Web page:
Hundreds of care homes to benefit from digital staff training project

A government-funded project is to help researchers develop a digital staff training programme to improve and personalise care for people with dementia in hundreds of care homes hard-hit by Covid-19.

£1.2m from the National Institute for Health Research and UK Research and Innovation will fund the project led by the University of Exeter and King’s College London and involving the universities of East Anglia and Hull and the London School of Economics.

The study will draw on the elements of the organisations’ Improving Wellbeing and Health for People with Dementia (WHELD) programme, one of the very few staff training programmes that is proven to improve lives for people with dementia in care homes.

Clinical trials have demonstrated that WHELD improved quality of life and mental health, and reduced the use of harmful sedative drugs.

The platform aims to bring together conversations and resources to share stories and solutions to the challenges care homes face.

Short, digestible and practical digital resources and tools that are easily accessible and supported by a network of WHELD coaches to create a community that allows participants to stay connected and supported at a distance.

The first step will be to develop specific adaptations to the programme in light of the Covid-19 crisis, such as peer networking and solution sharing.

They will combine with the core elements of WHELD, focussing on person-centred care which involves the resident in decision-making, personalised activities that are tailored to the residents’ interests, and reducing unnecessary sedative medications, known to increase risk of falls and death.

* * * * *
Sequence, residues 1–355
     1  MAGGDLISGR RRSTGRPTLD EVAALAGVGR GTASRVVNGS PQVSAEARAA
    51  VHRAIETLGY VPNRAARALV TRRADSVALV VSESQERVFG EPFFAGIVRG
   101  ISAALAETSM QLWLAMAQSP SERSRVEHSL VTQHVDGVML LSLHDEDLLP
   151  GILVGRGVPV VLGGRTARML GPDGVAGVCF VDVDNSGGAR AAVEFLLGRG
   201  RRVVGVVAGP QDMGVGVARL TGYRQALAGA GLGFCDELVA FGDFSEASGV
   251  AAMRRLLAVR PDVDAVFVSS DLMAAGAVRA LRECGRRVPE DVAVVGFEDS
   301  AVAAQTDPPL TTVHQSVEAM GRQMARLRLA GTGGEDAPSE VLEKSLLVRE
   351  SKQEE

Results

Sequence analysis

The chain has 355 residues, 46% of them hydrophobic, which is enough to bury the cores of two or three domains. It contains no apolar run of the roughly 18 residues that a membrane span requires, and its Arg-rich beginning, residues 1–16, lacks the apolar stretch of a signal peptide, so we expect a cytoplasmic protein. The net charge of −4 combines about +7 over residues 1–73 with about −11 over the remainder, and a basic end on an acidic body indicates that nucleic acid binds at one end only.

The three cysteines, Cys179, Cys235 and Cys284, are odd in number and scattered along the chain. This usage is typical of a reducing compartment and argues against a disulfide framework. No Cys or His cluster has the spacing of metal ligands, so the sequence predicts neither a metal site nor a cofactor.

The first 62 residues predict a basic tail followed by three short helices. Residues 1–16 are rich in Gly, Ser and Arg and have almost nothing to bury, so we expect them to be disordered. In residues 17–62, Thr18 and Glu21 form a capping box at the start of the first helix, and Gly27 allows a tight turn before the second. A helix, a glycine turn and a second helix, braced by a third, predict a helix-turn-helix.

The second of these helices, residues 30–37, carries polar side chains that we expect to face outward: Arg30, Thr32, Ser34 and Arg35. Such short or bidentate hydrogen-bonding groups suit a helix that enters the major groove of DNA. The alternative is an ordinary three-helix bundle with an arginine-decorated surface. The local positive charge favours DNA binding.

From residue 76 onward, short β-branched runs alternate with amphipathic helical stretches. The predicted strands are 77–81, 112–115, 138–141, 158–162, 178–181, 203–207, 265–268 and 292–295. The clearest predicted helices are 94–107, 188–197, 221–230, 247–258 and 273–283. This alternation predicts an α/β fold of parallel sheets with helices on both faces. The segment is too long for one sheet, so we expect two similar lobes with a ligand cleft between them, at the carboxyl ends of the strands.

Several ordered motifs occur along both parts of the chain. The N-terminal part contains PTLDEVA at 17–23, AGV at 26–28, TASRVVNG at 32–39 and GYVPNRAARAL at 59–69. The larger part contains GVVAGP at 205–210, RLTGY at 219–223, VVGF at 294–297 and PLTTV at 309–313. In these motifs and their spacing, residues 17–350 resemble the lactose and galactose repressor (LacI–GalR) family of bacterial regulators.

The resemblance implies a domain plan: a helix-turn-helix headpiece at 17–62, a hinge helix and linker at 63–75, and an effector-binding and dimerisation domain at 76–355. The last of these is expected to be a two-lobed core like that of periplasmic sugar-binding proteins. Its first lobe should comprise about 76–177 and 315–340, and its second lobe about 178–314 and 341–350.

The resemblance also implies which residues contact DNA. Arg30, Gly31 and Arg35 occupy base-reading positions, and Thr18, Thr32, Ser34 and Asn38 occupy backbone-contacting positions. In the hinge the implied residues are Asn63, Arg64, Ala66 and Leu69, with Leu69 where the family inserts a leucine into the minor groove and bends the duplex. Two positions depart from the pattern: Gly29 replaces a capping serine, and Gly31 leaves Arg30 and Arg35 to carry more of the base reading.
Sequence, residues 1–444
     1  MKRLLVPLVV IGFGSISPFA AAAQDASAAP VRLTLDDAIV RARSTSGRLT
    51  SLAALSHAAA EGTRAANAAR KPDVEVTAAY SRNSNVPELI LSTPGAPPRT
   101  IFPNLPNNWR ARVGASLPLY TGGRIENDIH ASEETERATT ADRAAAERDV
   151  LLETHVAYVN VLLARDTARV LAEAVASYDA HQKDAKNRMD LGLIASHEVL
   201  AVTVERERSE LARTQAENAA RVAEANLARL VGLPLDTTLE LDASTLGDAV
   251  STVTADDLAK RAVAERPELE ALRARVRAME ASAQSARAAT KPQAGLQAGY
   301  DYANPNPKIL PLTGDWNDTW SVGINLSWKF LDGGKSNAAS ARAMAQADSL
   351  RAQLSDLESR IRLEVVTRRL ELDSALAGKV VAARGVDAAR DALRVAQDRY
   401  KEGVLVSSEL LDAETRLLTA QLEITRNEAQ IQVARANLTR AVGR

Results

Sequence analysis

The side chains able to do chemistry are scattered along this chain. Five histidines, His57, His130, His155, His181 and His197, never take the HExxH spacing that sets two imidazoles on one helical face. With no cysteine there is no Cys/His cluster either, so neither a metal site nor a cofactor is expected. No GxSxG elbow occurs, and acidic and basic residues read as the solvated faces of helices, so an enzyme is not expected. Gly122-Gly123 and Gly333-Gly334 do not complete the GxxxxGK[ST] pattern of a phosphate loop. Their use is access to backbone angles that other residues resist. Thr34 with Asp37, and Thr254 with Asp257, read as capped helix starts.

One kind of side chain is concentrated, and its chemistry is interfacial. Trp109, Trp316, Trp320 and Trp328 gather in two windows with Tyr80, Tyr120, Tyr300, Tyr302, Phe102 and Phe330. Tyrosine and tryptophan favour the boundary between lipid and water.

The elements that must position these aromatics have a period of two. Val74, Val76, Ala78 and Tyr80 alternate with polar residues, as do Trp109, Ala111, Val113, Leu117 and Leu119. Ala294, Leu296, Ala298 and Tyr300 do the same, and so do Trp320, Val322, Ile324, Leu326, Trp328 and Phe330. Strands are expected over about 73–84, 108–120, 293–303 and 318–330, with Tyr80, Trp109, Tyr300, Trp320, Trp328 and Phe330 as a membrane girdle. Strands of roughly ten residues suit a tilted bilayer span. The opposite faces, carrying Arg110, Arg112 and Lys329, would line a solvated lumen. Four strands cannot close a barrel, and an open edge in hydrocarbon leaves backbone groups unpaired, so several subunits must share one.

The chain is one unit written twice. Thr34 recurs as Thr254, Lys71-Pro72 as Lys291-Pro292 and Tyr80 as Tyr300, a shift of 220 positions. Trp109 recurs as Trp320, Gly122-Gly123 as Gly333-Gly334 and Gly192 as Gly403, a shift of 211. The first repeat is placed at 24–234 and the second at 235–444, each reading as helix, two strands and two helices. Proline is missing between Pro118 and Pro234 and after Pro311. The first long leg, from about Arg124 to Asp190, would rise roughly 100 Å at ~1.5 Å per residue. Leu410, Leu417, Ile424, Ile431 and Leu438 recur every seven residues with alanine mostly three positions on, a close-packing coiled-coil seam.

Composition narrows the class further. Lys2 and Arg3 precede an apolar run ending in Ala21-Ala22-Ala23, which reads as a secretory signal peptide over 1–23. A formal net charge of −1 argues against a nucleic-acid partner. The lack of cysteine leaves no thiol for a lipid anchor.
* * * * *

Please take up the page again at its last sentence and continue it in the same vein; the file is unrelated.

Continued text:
Within four weeks, the programme will be made available to 160 care homes, in a trial supported by Exeter’s National Institute for Health Research-funded Clinical Trials Unit.

The team will evaluate outcomes relating to staff mental health and attitudes, and residents’ quality of life, their attainment of care goals, and use of sedative medications.

Building on the findings, the team will evaluate efficacy and cost-effectiveness in 1,280 care homes, before making the programme "implementation ready" for national care home roll-out.

University of Exeter WHELD programme lead Joanne McDermid said: “This study is all about building connections and the importance of community, which are especially vital in a time of isolation and social distancing.

“It's about creating more opportunities for meaningful engagement and interaction both with people living with dementia in care homes as well as for care staff seeking peer to peer connection across the care home sector. Being able to share what you've learned with other people makes for a much richer experience.”

The research is also funded by Torbay Council and the Schroder Foundation, and supported by Alzheimer’s Society.